Although the hard bones of the spinal column protect the soft tissues of the spinal cord, vertebrae can still be broken or dislocated in a variety of ways and cause traumatic injury to the spinal cord. Injuries can occur at any level of the spinal cord. The segment of the cord that is injured, and the severity of the injury, will determine which body functions are compromised or lost. Because the spinal cord acts as the main information pathway between the brain and the rest of the body, a spinal cord injury can have significant physiological consequences.

Catastrophic falls, being thrown from a horse or through a windshield, or any kind of physical trauma that crushes and compresses the vertebrae in the neck can cause irreversible damage at the cervical level of the spinal cord and below. Paralysis of most of the body including the arms and legs, called quadriplegia, is the likely result. Automobile accidents are often responsible for spinal cord damage in the middle back (the thoracic or lumbar area), which can cause paralysis of the lower trunk and lower extremities, called paraplegia.

Other kinds of injuries that directly penetrate the spinal cord, such as gunshot or knife wounds, can either completely or partially sever the spinal cord and create life-long disabilities.
Most injuries to the spinal cord don't completely sever it. Instead, an injury is more likely to cause fractures and compression of the vertebrae, which then crush and destroy the axons, extensions of nerve cells that carry signals up and down the spinal cord between the brain and the rest of the body. An injury to the spinal cord can damage a few, many, or almost all of these axons. Some injuries will allow almost complete recovery. Others will result in complete paralysis.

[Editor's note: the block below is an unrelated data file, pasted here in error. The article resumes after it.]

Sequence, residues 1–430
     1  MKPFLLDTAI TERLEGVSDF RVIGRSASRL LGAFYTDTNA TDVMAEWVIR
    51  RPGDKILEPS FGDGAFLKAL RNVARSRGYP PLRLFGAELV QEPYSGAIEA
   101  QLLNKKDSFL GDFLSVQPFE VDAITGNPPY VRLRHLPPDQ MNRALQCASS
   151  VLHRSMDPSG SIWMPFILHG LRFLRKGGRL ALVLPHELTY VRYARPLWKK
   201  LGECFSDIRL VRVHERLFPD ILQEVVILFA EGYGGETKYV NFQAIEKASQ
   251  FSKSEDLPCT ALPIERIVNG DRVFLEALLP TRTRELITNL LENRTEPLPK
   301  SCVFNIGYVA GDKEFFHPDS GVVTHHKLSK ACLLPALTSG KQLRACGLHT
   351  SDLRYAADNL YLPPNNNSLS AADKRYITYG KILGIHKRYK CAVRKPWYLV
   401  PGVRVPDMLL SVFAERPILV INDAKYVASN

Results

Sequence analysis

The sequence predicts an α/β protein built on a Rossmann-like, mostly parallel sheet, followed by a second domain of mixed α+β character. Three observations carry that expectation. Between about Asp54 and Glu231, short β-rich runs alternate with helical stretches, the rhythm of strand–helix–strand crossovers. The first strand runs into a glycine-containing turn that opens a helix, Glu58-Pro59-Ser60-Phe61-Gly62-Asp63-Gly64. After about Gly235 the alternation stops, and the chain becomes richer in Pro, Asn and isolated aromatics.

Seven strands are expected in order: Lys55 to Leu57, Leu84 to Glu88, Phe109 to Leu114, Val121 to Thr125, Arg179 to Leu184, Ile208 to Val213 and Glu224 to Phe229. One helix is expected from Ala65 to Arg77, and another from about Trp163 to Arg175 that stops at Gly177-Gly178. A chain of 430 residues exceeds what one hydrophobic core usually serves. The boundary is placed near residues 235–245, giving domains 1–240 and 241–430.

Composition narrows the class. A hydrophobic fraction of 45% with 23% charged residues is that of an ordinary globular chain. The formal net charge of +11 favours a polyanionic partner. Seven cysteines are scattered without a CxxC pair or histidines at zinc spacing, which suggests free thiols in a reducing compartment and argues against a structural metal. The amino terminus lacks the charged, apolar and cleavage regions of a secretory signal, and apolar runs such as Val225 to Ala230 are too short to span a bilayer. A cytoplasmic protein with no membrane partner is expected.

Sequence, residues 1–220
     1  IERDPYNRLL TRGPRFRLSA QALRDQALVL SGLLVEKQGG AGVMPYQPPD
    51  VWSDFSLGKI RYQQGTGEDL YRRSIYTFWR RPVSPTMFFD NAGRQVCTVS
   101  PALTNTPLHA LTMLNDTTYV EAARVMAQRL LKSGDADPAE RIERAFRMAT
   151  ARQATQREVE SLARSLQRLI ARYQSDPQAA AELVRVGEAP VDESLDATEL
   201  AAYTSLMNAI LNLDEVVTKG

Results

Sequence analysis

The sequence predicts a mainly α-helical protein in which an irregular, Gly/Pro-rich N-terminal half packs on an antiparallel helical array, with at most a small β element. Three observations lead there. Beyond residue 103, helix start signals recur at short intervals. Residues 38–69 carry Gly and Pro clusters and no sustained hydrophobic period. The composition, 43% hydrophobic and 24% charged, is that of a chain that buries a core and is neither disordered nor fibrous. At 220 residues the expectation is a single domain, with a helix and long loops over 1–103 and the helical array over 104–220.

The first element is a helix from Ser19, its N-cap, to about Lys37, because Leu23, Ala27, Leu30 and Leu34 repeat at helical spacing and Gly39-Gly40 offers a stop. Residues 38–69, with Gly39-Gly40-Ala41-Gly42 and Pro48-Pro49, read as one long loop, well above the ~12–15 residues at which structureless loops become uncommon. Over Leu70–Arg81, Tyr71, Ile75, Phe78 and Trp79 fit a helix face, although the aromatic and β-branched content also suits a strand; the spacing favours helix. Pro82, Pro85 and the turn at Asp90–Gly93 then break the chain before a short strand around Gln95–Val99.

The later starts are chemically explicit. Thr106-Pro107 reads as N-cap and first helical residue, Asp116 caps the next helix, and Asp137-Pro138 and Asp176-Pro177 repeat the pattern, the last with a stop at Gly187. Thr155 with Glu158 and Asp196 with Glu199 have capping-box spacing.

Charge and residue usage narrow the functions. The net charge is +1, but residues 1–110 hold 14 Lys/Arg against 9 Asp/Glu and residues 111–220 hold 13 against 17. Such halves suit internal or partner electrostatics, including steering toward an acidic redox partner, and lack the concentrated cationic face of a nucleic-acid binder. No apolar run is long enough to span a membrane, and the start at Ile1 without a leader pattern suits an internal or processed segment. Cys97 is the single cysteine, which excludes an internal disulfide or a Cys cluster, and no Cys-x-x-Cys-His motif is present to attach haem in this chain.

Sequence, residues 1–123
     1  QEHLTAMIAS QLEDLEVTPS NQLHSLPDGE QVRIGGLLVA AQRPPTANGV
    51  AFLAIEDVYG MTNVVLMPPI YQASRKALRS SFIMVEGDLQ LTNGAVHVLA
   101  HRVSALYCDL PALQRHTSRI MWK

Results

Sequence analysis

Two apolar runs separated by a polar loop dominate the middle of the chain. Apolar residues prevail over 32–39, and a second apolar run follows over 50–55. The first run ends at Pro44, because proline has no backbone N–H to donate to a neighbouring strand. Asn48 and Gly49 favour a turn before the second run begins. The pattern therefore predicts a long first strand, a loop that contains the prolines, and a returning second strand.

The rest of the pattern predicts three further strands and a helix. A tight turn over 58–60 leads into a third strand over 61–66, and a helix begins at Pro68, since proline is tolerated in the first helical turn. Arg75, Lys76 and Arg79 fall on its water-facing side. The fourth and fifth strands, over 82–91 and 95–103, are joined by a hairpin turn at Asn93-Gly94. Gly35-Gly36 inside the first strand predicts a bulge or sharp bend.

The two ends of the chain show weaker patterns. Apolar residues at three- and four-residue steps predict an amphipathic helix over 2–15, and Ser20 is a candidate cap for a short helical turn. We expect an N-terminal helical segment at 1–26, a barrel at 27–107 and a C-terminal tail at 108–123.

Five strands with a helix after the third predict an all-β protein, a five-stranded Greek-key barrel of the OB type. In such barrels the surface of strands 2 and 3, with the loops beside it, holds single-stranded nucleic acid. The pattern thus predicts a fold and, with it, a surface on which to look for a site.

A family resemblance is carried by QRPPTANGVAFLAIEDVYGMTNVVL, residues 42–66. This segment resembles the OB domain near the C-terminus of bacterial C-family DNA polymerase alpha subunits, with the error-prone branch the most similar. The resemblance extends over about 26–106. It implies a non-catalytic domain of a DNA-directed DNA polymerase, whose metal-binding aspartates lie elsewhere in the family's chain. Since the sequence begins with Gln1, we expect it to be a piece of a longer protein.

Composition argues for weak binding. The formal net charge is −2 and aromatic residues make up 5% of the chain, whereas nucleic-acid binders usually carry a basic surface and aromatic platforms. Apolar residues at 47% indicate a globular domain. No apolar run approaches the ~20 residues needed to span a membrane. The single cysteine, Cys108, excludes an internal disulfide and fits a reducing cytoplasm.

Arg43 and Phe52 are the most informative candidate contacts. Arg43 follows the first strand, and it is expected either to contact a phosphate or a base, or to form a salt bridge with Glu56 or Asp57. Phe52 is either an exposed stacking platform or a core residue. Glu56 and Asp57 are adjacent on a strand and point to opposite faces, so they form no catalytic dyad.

Until World War II, a serious spinal cord injury usually meant certain death, or at best a lifetime confined to a wheelchair and an ongoing struggle to survive secondary complications such as breathing problems or blood clots. But today, improved emergency care for people with spinal cord injuries and aggressive treatment and rehabilitation can minimize damage to the nervous system and even restore limited abilities.

Advances in research are giving doctors and patients hope that all spinal cord injuries will eventually be repairable. With new surgical techniques and exciting developments in spinal nerve regeneration, the future for spinal cord injury survivors looks brighter every day.
This brochure has been written to explain what happens to the spinal cord when it is injured, the current treatments for spinal cord injury patients, and the most promising avenues of research currently under investigation.

If you or a loved one has suffer from spinal cord injury because of someones negligence, we can help. Visit us at for a free consultation. We care about your legal needs!

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San Antonio, Texas, United States
Find Personal Injury Trial Lawyers that will treat you with dignity and respect. The Baez Law Firm, P.C. is dedicated to help those less fortunate. Our San Antonio Lawyers also handle family law, criminal defense, business law, immigration, social security disability, patent law, trade marks and much more. We are professionals that care about your legal needs. Our motto is simple: “Minimizing Legal Worries!”℠ Visit us at or call us (210) 979-9777. Have a blessed day!

Welcome to The Báez Law Firm, P.C.

1100 NW Loop 410, Suite 500
San Antonio, Texas 78213
Tel. (210) 979-9777
Fax. (210) 979-9774